Most Eccentric Last Will and Testament Requests By Famous People

By | July 7, 2017

From crazy cremation requests to creepy memorial guidelines, here are some weird and eccentric wills left by famous people in history.

Napoleon Bonaparte: We all know that Napoleon had his issues. And this has become more evident in his provisions in his last will and testament - he wanted his head shaved after his death, and his hair divided up among his friends.

Ben Franklin: Ben Franklin was a smart man in many ways, but he was also weird in his own way. In his will, he left his daughter 408 diamonds, with the condition that she never turn them into jewelry ‘and thereby introduce the expensive, vain, and useless fashion of wearing jewels in this country.’ Sadly for Ben, that didn’t work.

Harry Houdini: At the time of his death, Houdini asked that his wife hold a seance for him every year to try to contact his spirit. The two even developed a secret code so they’d know if it was really his spirit that was present.

Charles Dickens: English author Charles Dickens was specially particular about his funeral. In his will, he wrote out his wardrobe requirements for his funeral service: that “those attending my funeral wear no scarf, cloak, black bow, long hatband, or other such revolting absurdity.”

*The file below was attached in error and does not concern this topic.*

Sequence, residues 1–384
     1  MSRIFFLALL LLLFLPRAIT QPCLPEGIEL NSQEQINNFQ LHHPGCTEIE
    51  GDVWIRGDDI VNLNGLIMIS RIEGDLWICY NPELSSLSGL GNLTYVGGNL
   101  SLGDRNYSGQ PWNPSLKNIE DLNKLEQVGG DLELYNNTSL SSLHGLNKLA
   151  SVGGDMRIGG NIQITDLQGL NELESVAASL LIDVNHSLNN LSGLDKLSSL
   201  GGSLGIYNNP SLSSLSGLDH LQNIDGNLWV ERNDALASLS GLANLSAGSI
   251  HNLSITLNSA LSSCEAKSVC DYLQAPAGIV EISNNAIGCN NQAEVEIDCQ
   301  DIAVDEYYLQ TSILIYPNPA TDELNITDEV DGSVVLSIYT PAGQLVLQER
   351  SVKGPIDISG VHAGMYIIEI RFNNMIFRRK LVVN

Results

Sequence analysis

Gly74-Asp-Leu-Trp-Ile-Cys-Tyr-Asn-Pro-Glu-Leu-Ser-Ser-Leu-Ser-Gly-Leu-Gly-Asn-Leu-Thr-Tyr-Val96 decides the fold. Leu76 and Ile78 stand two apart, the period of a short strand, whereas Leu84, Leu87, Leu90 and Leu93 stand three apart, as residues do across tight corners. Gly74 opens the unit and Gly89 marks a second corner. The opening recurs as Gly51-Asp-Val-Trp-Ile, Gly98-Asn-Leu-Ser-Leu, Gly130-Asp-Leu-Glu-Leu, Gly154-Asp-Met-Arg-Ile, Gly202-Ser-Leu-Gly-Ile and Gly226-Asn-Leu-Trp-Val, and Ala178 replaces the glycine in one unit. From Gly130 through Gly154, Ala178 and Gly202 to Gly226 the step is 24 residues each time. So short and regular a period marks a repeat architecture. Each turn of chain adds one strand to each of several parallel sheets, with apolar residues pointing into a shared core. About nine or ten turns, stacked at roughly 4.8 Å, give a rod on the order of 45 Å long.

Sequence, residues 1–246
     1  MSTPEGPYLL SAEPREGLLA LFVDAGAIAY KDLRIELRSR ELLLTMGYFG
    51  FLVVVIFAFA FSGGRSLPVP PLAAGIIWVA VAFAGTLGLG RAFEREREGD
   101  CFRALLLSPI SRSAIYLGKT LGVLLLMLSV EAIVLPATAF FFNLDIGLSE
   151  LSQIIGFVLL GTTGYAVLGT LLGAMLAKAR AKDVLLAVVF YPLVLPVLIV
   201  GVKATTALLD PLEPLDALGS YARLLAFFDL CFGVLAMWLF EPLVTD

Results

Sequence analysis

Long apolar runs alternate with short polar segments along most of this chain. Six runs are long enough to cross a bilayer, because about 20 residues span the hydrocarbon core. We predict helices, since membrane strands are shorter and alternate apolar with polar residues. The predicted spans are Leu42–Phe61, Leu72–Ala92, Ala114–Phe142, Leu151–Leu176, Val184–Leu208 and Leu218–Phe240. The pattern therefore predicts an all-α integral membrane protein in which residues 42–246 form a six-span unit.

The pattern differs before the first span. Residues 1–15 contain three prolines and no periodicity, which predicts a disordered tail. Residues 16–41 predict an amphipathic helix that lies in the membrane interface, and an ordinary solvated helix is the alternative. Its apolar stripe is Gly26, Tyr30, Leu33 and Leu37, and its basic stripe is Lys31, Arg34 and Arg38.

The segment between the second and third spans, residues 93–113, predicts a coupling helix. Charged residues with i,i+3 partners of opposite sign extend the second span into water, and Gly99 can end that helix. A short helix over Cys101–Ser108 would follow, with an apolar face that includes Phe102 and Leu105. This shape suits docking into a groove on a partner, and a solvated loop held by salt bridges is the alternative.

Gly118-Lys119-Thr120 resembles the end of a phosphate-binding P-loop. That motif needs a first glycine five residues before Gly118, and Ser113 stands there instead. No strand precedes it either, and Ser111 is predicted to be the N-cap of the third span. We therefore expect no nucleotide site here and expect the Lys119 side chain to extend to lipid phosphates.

William Shakespeare: William Shakespeare probably has one of the most romantic minds that ever existed. So we wonder what happened to the romance between him and his wife… Shakespeare left his wife his “second-best bed.” Who got the first-best bed, Billy?

William Randolph Hearst: Magazine mogul William Randolph Hearst used his will to put rumors to rest. He stated that anyone who could prove they were his child would receive $1. We guess that’s Hearst way of saying he had no illegitimate children.

George Bernard Shaw: When Shaw died, he made sure his legacy will live on forever. He left money behind to fund a brand new alphabet which he wanted to be called the “Shaw Alphabet.” His conditions? The alphabet must have at least 40 letters, be phonetic, and be distinctly different from the Latin alphabet. His alphabet was realized in 1950.

Gere Roddenberry: The creator of Star Trek requested a space burial in his will. He eventually got his wish when in 1997, his remains became the first to be launched into space. Roddenberry’s wife’s remains followed in 2009.

Fred Baur: Fred Baur, the inventor of Pringles can, was so proud of his creation that he asked to be buried in one! His family embraced his eccentricity and complied.

John B. Kelly, Sr.: John B. Kelly, father of Grace Kelly, used his will to tell his daughter one last time to curb her spending habits. Daddy Kelly asked Grace to “not bankrupt the Principality of Monaco with the bills about her clothing.”

John Bowman: The story of this Vermont socialite was a sad one. His wife and daughter passed away before he did, and Bowman believed that the whole family would come back to life once he joined them on the other side. So when he died in 1891, he set up a trust of $50,000 to employ a staff that would take care of his home and cook a family meal every day - just in case they call came back to life.

Ed Headrick: The inventor of Frisbee requested that when he dies, his ashes be molded into limited-edition Frisbees - a request that his family took seriously.